Being involved with Sandler since 2010, I've learned to use a lot of Sandler Rules. We use these Sandler Rules to help guide us into practicing a systematic approach to all aspects of the selling process. There are hundreds of Sandler Rules—not just the ones you see in the books. There is not a day or class that goes by where one isn’t being used.
With that being said, I'll give you 2 of my favorites. Each has a different aspect for why it’s important and how you can use it to better produce in your business and in your everyday life.
Sandler Rule #2: “Don’t Spill Your Candy in the Lobby”
I love this one because my friends and family laugh about how this one sounds. The problem is, in the sales world, it’s a serious matter. Think of all the knowledge and expertise you have in your industry. Think of that expertise and knowledge as an unopened box of candy, like the ones you might buy at a corner store or at the movies.
Many sales professionals and business owners are in such a hurry to “show and tell.” They know that they have a great product or service and are quick to want to educate a prospect causing them to jump right into presentation mode, before they know what the prospect wants or needs. It's even worse if the person they are presenting to is not a decision maker.
When you are in a hurry to show off that knowledge and expertise, you are spilling your candy. Don’t be so eager to educate your prospect or give too much information too early! It is ok to "sprinkle a little candy" before they are qualified.
People buy emotionally, but they justify those decisions intellectually. If you find yourself providing information and proposals without qualifying and understanding your prospect’s buying motives, you’re spilling your candy in the lobby.
I want you to help your prospects, but you can do so by asking good questions. Don’t be so quick to talk. You should be listening 70% of a sales call. Your job is to get information, not give it until they are full qualified. Save your candy for later.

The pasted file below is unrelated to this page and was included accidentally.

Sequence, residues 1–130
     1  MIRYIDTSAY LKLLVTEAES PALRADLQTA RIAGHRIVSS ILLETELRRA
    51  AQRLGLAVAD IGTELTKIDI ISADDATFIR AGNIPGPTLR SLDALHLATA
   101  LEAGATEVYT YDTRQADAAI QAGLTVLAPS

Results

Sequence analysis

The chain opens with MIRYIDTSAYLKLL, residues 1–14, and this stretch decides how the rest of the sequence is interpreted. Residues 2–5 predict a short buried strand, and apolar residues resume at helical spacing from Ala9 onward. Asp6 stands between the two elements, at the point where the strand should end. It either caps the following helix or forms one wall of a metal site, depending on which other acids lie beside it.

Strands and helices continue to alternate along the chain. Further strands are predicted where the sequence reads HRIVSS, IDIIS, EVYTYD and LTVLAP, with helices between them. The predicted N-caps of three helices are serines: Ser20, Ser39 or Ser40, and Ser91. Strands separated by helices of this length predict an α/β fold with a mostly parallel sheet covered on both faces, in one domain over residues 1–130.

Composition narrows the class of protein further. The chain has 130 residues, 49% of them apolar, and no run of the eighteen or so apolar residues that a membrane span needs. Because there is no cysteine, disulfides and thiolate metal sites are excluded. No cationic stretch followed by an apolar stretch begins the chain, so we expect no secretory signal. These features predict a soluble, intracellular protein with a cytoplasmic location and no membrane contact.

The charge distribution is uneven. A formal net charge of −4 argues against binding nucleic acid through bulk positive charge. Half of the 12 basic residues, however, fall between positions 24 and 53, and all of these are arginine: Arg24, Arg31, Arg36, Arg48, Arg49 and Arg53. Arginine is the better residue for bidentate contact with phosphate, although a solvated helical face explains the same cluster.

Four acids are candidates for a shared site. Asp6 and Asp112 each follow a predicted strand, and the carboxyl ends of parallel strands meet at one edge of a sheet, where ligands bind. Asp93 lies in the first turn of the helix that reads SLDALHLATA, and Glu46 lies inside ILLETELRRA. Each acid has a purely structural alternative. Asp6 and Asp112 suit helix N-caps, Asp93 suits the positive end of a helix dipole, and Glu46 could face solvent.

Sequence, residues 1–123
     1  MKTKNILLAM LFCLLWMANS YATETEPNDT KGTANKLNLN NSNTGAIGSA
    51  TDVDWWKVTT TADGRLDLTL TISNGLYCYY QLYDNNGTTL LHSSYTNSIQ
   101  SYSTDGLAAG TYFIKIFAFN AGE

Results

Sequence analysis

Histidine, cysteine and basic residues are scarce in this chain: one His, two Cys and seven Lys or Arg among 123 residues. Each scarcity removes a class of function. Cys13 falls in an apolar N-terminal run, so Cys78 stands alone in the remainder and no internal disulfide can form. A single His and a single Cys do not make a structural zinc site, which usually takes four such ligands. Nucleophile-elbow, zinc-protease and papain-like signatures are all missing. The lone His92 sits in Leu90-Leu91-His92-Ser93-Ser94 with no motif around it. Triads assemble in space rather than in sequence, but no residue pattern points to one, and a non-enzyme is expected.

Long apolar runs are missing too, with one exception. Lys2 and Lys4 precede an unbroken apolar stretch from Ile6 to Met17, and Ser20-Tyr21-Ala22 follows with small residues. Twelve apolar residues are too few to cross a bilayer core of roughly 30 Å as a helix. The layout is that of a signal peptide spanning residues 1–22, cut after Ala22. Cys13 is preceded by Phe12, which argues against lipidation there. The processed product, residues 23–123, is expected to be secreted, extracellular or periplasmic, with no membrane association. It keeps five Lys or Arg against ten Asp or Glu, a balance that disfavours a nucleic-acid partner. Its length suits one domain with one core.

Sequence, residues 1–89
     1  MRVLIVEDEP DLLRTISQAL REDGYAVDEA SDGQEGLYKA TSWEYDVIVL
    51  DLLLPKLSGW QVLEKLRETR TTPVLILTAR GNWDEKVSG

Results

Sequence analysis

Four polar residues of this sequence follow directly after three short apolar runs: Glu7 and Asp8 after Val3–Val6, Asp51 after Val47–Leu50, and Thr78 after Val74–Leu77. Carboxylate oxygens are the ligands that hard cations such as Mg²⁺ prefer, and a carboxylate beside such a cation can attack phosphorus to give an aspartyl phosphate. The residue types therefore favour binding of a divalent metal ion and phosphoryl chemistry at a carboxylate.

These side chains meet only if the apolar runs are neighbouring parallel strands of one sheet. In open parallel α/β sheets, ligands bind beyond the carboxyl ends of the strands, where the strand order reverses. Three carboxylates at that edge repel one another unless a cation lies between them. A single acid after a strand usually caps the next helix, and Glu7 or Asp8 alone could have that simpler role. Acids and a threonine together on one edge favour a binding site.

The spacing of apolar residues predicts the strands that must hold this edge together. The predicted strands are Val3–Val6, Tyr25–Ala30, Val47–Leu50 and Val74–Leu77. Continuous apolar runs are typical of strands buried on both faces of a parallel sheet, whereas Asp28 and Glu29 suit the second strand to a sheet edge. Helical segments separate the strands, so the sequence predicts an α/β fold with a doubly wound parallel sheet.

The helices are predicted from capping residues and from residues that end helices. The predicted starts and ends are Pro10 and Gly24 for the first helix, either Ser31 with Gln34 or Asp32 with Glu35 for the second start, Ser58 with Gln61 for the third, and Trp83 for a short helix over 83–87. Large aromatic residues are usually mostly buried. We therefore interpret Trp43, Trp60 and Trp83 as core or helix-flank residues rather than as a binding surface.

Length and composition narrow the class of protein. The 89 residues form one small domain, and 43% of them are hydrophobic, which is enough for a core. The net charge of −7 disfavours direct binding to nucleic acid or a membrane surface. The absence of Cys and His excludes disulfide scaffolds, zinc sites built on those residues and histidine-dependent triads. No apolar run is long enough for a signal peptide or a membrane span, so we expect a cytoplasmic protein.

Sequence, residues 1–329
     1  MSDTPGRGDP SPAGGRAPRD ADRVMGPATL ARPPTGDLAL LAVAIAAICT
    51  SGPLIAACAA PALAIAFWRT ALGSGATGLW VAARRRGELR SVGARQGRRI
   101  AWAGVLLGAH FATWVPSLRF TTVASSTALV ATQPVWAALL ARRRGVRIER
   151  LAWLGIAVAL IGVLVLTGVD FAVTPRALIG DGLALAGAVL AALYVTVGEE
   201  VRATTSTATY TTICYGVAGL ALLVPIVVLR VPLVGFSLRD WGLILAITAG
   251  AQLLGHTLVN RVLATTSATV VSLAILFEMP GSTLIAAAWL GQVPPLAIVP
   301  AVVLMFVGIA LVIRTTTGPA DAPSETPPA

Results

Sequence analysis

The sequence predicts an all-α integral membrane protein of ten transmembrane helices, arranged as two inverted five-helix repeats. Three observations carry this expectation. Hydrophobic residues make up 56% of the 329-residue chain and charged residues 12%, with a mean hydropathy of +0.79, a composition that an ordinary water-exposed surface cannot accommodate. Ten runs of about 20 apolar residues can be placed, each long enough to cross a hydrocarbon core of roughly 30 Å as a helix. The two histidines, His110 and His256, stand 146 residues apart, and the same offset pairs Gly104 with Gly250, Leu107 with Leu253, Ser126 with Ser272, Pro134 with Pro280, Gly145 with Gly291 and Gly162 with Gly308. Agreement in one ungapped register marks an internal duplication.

Sandler Rule #46: “There is No Such Thing as a Good Try.”
This is a favorite Sandler rule. It all stems back to one of my favorite movies, “The Empire Strikes Back.” Luke Skywalker is struggling with the training of his Jedi master, Yoda. Yoda wants him to lift his starfighter (X-Wing) out of a swampy marsh. Luke says, “I’ll try.” Yoda responds, “Do. Or do not. There is no try.”
“Try” shows a lack of commitment. Anyone can “try” something, but are you willing to commit to it. I know some of you reading this will say, “Well I’m trying hard. Isn’t that enough?” Look, you can “try” at anything in life; however, when you fully commit to something, your viewpoint changes. How many times have you said you would try something, whether it be to make an event or eat something new, or fully invest in your business? When you commit to something, you’re “all in!”. No backing out. You’re either part of your plan or someone else’s, but you get to pick!
Question: Would you ever use the following statements:
“I’ll try to keep my children safe.”
“I’ll try to love my significant other.”
“I’ll try to stop at the red light.”
I would say, “No.” You’re committed to all of the above. I would also argue your belief system allows for it. If you don’t believe it yourself, you won’t do it. It’s called conviction. You’ll do whatever it takes to make the outcome what you want it to be.
Something to consider: Where in your life—both personally and professionally—are you just “trying” and not fully committing?
I hope you’ve enjoyed my thoughts on 2 of my favorite Sandler Rules.
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